Server NewsvSphere 6.5 Seeks to Solve the Virtual Machine Encryption Conundrum

vSphere 6.5 Seeks to Solve the Virtual Machine Encryption Conundrum

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For as long as two virtual machines have shared the same physical host, people have worried about security. And you can rarely talk about virtual machine security for long without the subject of encryption coming up.

It’s no surprise, then, that encryption of virtual machines is a thing, and it’s been a thing for quite some time. Virtually Speaking But here’s another thing: encryption within a virtual machine has never really taken off, and that’s because of the negative performance impact it inevitably has.

That’s why there’s been a good deal of interest in VMware’s vSphere 6.5, which was released in mid-November. This release of vSphere offers virtual machine encryption within the hypervisor. As Mike Foley, a VMware Senior Technical Marketing Manager, explains, “As I/O comes out of the virtual disk controller in the VM, it is immediately encrypted by a module in the kernel before being sent to the kernel storage layer.”

“Both VM Home files (VMX, snapshot, etc.) and VMDK files are encrypted,” he says. vSphere 6.5 also enables vMotion encryption — automatically for encrypted VMs, and optionally for unencrypted VMs.

A major benefit of encryption in the hypervisor is that it makes the encryption VM and guest OS agnostic. The encryption keys are also not stored in VM memory; rather, key management is based on KMIP1.1, and vSphere vCenter has a KMIP client.

Encryption in vSphere 6.5 vs. VM-Based Encryption Performance Comparison

But what about performance? Specifically, how does hypervisor-based encryption affect performance compared to VM-based encryption?

The good news is that in November VMWare published a document somewhat unimaginatively entitled VMware vSphere Virtual Machine Encryption Performance, which attempts to address precisely this question.

Now of course, all the usual caveats apply: companies that produce these sorts of documents tend to choose tests that show their technology in the most favorable light, so these documents have to be read with that in mind. Nevertheless, it’s worth taking a look at the findings.

So here’s the summary. “For most regular types of storage, like enterprise-class SSD or VMware vSAN, the impact on I/O performance is very minimal,” says the report. So far, so good.

But unfortunately the results are not so good when it comes to the use of state-of-the-art NVMe storage devices. “VM encryption can lead to bottlenecks in I/O throughput and latency for ultra-high-performance devices (like a high-end NVMe drive) that can support hundreds of thousands of IOPS,” according to the report.

So let’s dive a little deeper. How minimal is a minimal impact?

VMware starts with an Intel S3700 SSD, which is a mid-level device capable of doing about 75,000 random IOPS — similar to an enterprise storage array. Using 512KB sequential reads and writes, the study compares I/O throughput, I/O latency, and CPU cost per I/O for a regular and an encrypted VM.

And it turns out that there’s almost no extra overhead when it comes to throughput or latency, although the CPU cycles per I/O go through the roof (>400%) due to the encryption of large quantities of data. When there are plenty of CPU resources available, this does not have an adverse effect on application performance according to VMware, but if there is a scarcity then this can add significant overhead to other applications.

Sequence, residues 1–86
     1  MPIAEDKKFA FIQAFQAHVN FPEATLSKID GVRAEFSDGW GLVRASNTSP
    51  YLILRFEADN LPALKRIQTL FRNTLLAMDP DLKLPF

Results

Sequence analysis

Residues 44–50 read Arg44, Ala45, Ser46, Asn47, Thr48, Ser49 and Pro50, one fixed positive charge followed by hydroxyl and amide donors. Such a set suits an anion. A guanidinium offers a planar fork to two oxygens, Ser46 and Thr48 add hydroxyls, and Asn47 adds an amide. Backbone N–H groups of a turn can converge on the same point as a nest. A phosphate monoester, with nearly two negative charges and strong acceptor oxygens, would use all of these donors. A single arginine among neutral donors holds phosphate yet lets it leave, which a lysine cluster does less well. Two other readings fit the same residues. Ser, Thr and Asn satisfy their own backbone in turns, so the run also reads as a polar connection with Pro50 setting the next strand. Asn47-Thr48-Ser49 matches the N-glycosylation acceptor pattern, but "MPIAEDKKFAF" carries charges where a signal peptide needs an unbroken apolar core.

“Therefore, the ESXi server requires a sufficient amount of CPU resources when VM encryption is enabled,” VMware says, rather stating the obvious.

The story is pretty much the same with 4KB random reads and writes, except that in this case the CPU load is only roughly double with encryption enabled.

The Performance Hit on Low-Latency Storage Devices

Now let’s move on to looking at the fast stuff: storage provided by an NVMe device that has ultra-low latency performance and high throughput: 750,000 read IOPS per device.

What we see now is a significant impact on I/O throughput and latency when VM encryption is used. The bandwidth with encryption is about 30-50% of standard performance, with a similar increase in I/O latency.

Here’s how VMware explains this: “Because the device performance is high, the per-I/O latency we add in the IOFilter path for encryption (in the case of writes) and decryption (in the case of reads), which is in the order of a few microseconds, quickly adds up and shows as a bottleneck.”

So overall, what we can conclude is that if you want virtual machine encryption using vSphere 6.5 and you use storage devices and subsystems in the latency range of a few hundred microseconds or slower, then the increased CPU costs does not translate into a noticeable increase in latency or a decrease in throughput. All you need to worry about is whether you have sufficiently grunty CPUs to handle the actual encryption and decryption operations.

But if you are using ultra-low latency devices like NVMe drives, the impact of the higher CPU costs of encryption and decryption directly translates into reduced throughput and increased I/O latency.

So ultimately the message is that in some circumstances using vSphere 6.5’s built-in encryption is a no-brainer. But if you’re using ultra-high performance storage, then unfortunately it isn’t.

Paul Rubens is a technology journalist and contributor to ServerWatch, EnterpriseNetworkingPlanet and EnterpriseMobileToday. He has also covered technology for international newspapers and magazines including The Economist and The Financial Times since 1991.

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